Low-dose Steroids Taken Over Longer Time May Improve Preterm Babies’ Outcomes, Study Finds

Low-dose Steroids Taken Over Longer Time May Improve Preterm Babies’ Outcomes, Study Finds

The length of exposure time to low-dose steroids during pregnancy is key to determining their effectiveness in improving the outcomes of premature babies — a risk factor for cerebral palsy.

The study, “The efficacy of antenatal steroid therapy is dependent on the duration of low-concentration fetal exposure: Evidence from a sheep model of pregnancy,” was published in the American Journal of Obstetrics and Gynecology

It is the result of a longstanding collaborative program based in Western Australia involving scientists from the Women and Infants Research Foundation in Australia, Cincinnati Children’s Hospital in Ohio, and Tohoku University Hospital in Japan.

Perterm births, those occurring before 37 weeks, are considered a risk factor for several conditions, including cerebral palsy.

“The lungs of extreme premature babies are often too structurally and functionally under-developed for the baby to breathe easily, and those born at the earliest gestational ages may suffer from severe and life-long problems such as cerebral palsy, developmental delay, or blindness,” Prof. John Newnham, the study’s author and scientific director of the Women and Infants Research Foundation, said in a press release.

Steroid therapy is among the most important and widely used strategies to improve outcomes for preterm infants but the therapy’s dosing regimens has not been optimized.

“The use of steroid therapy in pregnancy to rapidly mature the fetal lung, making breathing easier and safer for preterm babies, has been responsible for saving the lives of countless thousands of preterm babies,” said Matt Kemp, the study’s first author and an associate professor at the University of Western Australia.

“However, steroid use in pregnancy has never been optimized, meaning that since the 1970s a 50 kg [110 pound] woman early in pregnancy is given the same dose of steroids as a 100 kg [220 pound] woman close to term,” Kemp added.

Because steroids can affect several organs, there is concern that excess exposure may result in potential side effects in both the mother and her unborn baby, Newnham said.

Researchers hypothesized that once exposure to a low concentration of steroids by the mother and fetus is achieved and maintained, the duration of the treatment would determine the therapy’s effectiveness.

They used a sheep model of pregnancy to test their hypothesis and determine the relationship between steroid dose, duration of treatment, and treatment efficacy.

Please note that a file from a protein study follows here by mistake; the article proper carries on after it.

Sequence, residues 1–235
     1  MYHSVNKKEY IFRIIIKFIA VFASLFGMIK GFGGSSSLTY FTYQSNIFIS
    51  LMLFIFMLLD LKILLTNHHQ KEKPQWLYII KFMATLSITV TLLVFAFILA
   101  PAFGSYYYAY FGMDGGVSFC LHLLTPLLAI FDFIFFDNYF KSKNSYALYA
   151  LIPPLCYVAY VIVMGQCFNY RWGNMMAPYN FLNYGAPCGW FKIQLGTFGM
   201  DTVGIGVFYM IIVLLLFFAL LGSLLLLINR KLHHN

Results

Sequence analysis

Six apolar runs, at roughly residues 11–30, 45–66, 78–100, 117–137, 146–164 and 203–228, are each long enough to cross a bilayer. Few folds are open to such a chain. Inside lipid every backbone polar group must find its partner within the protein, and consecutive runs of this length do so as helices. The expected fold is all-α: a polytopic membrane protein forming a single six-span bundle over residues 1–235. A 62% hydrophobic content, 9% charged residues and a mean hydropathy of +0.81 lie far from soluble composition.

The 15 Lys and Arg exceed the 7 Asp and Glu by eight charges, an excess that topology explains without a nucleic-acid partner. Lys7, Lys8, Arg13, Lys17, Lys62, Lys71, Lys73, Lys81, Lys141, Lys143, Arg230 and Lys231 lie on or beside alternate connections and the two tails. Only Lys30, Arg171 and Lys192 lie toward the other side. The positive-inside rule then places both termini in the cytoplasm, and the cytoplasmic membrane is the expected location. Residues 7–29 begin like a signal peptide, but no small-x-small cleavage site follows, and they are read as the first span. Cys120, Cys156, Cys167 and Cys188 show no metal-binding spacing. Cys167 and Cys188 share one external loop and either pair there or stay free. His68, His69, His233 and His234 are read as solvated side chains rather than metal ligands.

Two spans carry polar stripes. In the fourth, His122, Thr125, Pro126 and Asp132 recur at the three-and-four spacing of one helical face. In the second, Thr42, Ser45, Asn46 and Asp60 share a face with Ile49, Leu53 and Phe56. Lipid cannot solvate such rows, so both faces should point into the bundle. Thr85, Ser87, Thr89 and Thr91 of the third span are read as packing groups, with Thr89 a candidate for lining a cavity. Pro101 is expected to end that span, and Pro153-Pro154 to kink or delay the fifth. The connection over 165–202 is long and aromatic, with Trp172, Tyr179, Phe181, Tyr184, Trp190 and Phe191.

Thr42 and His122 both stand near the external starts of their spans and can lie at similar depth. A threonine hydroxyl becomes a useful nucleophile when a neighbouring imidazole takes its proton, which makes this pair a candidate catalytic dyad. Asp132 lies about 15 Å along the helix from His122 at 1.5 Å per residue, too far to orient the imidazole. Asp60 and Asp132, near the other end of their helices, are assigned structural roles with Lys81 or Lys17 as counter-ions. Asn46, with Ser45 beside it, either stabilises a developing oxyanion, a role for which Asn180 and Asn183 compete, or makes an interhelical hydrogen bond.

Ewes with single fetuses at 120 days gestation received a steroid dose (called betamethasone phosphate) administered intravenously followed by a maintenance infusion to reach three different concentrations of the steroid in the fetus — 20 ng/mL, 10 ng/mL, and 2 ng/mL — for 12 hours.

A low concentration of 2 ng/mL for an extended period (26 hours) was also studied.

Animals treated with an innocuous saline solution or with two intramuscular injections of 0.25 mg/kg of betamethasone phosphate were used as either negative or positive controls, respectively.

The lung maturation of the fetuses was measured as a readout for the effects of the different steroid regimens.

Lambs born from the 12-hour 2ng/mL betamethasone infusion group had little functional lung maturation, but those who reached the 2 ng/mL betamethasone concentration for 26 hours showed higher lung maturation — equivalent to that of the animals in the positive control group.

These findings suggest that it is the duration of the low-concentration steroid exposure, instead of high peak drug exposure, that determines the effectiveness of the steroid.

“Our study has shown, for the first time ever, that it may be possible to achieve maturation of the preterm lung equivalent to that given by current treatments using approximately 70 percent less drug,” Kemp said.

“Given the strong link between excess fetal steroid exposure and growth restriction, and the global use of this drug, these results have the potential to greatly impact the field of antenatal medicine,” he added.

Researchers also stressed the need to develop “a far-reaching optimized steroid dosing regimen that can improve both the efficacy and safety of antenatal steroid treatment.”